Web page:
Characterizing Solution Concepts in Games Using Knowledge-Based Programs
Joseph Halpern, Yoram Moses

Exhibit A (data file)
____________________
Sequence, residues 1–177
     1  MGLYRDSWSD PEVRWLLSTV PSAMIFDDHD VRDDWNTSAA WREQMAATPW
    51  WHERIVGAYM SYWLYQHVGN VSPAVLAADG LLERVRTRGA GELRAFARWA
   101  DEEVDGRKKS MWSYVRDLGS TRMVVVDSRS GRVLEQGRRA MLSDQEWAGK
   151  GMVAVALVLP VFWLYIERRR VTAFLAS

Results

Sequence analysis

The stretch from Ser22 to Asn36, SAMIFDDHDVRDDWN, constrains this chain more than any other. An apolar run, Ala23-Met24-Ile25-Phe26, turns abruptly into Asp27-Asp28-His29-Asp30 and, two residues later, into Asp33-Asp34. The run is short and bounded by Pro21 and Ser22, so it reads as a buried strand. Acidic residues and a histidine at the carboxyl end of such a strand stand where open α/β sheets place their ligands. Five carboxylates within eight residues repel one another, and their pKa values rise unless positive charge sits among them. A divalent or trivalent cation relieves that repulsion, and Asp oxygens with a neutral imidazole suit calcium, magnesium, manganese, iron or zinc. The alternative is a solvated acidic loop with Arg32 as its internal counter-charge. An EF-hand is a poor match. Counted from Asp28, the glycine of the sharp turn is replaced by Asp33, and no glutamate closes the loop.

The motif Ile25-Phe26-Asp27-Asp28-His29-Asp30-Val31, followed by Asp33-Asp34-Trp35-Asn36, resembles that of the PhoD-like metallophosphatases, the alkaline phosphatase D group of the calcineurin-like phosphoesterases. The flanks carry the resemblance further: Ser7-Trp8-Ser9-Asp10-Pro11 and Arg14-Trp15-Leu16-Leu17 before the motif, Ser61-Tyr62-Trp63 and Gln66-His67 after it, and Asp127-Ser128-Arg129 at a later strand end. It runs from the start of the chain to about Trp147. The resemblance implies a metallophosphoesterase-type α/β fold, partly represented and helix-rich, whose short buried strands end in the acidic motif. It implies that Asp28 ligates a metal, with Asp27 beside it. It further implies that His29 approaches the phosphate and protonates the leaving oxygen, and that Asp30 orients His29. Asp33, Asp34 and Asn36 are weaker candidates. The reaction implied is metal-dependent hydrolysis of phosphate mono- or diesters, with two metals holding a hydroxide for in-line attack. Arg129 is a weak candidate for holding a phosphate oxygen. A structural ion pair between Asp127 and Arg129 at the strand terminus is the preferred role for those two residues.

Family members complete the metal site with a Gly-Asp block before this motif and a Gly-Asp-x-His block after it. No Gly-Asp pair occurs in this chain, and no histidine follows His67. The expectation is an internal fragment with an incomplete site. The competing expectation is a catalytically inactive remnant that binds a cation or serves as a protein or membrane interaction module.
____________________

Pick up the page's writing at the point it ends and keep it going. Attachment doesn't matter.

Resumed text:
We show how solution concepts in games such as Nash equilibrium, correlated equilibrium, rationalizability, and sequential equilibrium can be given a uniform definition in terms of knowledge-based programs. Intuitively, all solution concepts are implementations of two knowledge-based programs, one appropriate for games represented in normal form, the other for games represented in extensive form. These knowledge-based programs can be viewed as embodying rationality. The representation works even if (a) information sets do not capture an agent's knowledge, (b) uncertainty is not represented by probability, or (c) the underlying game is not common knowledge.